The crowd is huge on the second last day, a seething, roaring, shouting mass of skin and bone, sweaty muscle in multi-coloured muslin and floppy hats, beer-stained smoke swathes enveloping all as they lope along to the next in a long line of musical delights, myriad sounds from all around. The second to last night at Byron Bay's Bluesfest is traditionally a loose and carefree affair and people dance in bar lines and toilet queues, happy to be there, rather than anywhere at all.
Buddy Guy, his second set of the fest, is starting to show his age – the last of the old school, he's tired no doubt and his set lacks much momentum (instead of a traditional medley of Clapton, Marvin Gaye, Peggy Lee, Guy plays a song for a minute, stops and talks, plays the next and so on, losing any power), but when he does wail, when he does set his fingers right on that fretboard, he's one of only a handful who you know is playing before you see him – he's still got it, make no mistake, it's still there.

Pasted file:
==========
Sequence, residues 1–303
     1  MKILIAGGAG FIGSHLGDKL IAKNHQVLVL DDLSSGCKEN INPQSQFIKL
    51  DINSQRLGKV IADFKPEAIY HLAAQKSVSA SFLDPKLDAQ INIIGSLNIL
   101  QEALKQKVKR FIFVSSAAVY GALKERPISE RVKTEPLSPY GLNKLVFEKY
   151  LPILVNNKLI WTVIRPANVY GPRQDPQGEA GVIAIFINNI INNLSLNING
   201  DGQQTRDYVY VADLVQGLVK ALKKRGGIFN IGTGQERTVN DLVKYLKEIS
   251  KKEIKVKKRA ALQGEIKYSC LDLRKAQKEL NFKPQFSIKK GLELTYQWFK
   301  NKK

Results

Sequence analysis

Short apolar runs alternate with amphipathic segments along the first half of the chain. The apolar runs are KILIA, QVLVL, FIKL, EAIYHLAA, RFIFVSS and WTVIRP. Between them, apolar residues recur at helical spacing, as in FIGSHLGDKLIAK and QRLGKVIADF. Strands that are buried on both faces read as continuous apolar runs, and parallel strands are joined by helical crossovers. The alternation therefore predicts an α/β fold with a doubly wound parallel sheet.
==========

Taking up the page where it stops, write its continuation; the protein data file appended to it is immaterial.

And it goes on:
Carlos Santana, following on from Guy, builds his own street party from scratch, a booming set heavy on percussion, his inimitable guitar style also recognisable from miles away (they do "Black Magic Woman" and "Oye Como Va" under a starry sky, and it's a thing of immense beauty) – this is the biggest set of the weekend thus far, a true festival within a festival.
Elsewhere, Mavis Staples (The Queen) plays out with aplomb once more on the Jambalaya Stage; Nikki Hill and band (what a band), shred the Delta Stage into millions of tiny pieces; Booker T gets his old school groove on (more on that tomorrow); and finally, the Zac Brown Band – their big country, their shiny and precise C&W was never on my radar, I don't particularly care for their records, but their live set is something to take notice of – they're all consummate players, they all mesh intricately (whether the song is slow, or rip-roaring flat out), it's almost orchestral in its organisation. And even if you don't think the songwriting is much chop (at all), it's country music and it fills the Crossroads tent and I find myself starting to like it, against my better judgement perhaps, but I'll be back for more.
All photos by Carl Neumann.